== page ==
- - Thursday, February 25, 2021

I am a retired D.C. fire captain, having served most of my career on Heavy Rescue Squads and specializing in interior rescues. It goes without saying that a quick and responsible deployment is critical when seconds are the difference between life and death.

In fact, all first-arriving firefighters on the fire ground have an immediate responsibility and obligation to save lives. That’s why we have sirens and horns — to get there quickly and safely and save lives.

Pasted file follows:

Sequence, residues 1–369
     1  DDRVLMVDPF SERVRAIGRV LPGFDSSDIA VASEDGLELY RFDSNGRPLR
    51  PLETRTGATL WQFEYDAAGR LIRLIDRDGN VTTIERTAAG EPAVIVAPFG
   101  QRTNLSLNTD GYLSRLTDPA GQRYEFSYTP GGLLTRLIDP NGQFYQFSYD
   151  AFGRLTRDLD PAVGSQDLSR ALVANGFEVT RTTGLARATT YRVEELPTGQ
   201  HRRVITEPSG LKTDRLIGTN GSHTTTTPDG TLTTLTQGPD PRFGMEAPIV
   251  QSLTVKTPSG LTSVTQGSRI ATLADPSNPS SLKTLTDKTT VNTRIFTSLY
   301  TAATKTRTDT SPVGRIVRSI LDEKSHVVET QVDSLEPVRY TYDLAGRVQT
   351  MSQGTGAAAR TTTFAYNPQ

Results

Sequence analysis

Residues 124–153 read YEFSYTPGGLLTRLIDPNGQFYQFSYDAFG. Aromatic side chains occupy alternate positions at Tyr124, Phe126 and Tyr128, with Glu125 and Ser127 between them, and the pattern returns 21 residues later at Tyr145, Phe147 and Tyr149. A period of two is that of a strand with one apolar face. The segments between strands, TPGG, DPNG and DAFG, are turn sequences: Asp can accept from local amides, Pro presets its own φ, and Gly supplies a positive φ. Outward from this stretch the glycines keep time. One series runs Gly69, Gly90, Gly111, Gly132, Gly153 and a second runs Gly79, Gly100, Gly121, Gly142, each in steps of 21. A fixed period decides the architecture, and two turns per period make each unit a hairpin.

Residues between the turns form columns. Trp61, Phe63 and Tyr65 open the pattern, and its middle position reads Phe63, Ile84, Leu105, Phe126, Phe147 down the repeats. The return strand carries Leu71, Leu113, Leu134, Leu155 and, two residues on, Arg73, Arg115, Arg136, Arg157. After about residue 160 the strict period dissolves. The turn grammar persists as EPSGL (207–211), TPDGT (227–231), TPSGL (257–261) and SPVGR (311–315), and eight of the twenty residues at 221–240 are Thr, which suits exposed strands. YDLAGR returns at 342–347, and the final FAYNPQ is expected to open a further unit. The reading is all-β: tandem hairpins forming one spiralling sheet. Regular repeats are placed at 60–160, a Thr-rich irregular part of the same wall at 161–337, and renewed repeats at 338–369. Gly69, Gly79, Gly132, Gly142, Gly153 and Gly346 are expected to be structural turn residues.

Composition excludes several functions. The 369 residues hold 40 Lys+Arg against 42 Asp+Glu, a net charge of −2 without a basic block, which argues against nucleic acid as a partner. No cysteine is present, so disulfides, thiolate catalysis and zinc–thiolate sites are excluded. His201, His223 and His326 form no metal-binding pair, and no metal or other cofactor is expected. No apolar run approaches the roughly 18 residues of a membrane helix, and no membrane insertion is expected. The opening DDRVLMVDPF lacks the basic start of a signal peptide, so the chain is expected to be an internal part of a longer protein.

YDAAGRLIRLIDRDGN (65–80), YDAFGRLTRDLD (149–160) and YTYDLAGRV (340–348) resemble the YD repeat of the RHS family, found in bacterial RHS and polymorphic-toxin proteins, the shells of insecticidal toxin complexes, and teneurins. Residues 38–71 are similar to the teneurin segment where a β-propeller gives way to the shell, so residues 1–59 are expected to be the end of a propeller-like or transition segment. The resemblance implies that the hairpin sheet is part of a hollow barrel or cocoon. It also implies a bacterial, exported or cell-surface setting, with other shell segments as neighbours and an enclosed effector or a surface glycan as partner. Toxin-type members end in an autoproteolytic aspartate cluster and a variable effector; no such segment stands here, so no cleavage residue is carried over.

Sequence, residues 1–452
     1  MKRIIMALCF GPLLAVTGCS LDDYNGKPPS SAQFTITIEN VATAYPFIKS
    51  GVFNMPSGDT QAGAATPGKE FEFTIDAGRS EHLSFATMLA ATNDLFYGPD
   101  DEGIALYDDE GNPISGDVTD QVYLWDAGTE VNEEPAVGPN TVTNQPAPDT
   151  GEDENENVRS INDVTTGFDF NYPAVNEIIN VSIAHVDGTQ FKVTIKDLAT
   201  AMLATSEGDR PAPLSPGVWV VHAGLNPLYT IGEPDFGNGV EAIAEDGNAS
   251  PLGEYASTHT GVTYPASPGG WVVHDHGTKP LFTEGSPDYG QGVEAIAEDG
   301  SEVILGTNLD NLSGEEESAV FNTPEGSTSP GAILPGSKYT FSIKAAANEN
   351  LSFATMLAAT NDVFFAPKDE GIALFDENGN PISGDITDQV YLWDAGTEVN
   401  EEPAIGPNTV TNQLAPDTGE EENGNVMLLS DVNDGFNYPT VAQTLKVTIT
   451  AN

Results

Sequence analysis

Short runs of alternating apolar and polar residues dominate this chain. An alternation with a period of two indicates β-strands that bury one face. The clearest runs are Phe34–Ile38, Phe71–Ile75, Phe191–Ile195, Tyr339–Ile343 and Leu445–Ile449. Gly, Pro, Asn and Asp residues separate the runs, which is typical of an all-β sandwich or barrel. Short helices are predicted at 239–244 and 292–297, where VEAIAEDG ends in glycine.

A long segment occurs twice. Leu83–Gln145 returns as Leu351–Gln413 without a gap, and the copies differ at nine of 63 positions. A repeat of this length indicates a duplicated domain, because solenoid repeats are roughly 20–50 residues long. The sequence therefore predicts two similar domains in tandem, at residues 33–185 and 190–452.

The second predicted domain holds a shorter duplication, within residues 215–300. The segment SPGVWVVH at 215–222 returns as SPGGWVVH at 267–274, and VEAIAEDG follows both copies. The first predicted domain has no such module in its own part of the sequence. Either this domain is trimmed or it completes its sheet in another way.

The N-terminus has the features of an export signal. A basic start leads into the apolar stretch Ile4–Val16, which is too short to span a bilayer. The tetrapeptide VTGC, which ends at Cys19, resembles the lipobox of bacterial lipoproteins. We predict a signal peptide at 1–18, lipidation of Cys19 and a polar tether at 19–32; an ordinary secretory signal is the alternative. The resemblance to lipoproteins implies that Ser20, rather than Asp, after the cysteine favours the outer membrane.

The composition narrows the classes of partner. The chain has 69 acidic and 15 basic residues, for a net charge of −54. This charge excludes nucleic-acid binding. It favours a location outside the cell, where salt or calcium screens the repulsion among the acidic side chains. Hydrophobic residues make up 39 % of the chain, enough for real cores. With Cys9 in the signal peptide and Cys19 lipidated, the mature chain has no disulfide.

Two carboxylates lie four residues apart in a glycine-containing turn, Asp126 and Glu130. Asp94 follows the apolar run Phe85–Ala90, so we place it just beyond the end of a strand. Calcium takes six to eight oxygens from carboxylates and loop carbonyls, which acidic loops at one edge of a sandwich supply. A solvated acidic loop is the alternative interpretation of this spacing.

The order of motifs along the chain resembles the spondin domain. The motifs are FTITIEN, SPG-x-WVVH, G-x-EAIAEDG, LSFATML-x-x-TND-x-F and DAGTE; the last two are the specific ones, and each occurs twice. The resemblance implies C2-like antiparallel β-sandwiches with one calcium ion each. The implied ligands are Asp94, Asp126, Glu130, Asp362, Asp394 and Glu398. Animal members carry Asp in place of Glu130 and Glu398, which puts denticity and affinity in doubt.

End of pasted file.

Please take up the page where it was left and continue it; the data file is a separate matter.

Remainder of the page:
We are the Washington, D.C., fire department and once considered to be the greatest in the country.

Presently, however, the department’s second in command has in place a policy to stage responding apparatus a considerable distance from the fire ground in order to wait for the arrival of the battalion fire chief to assess needs. This places lives in danger and wastes valuable moments. It also certainly shows a lack of confidence in this great department’s capabilities.

Apparently this policy decision was made by someone who never carried a child out of a fire and, trying to bring him or her back to life, wished they had arrived a minute earlier.


D.C. Fire and EMS (retired)

Tampa, Fla.

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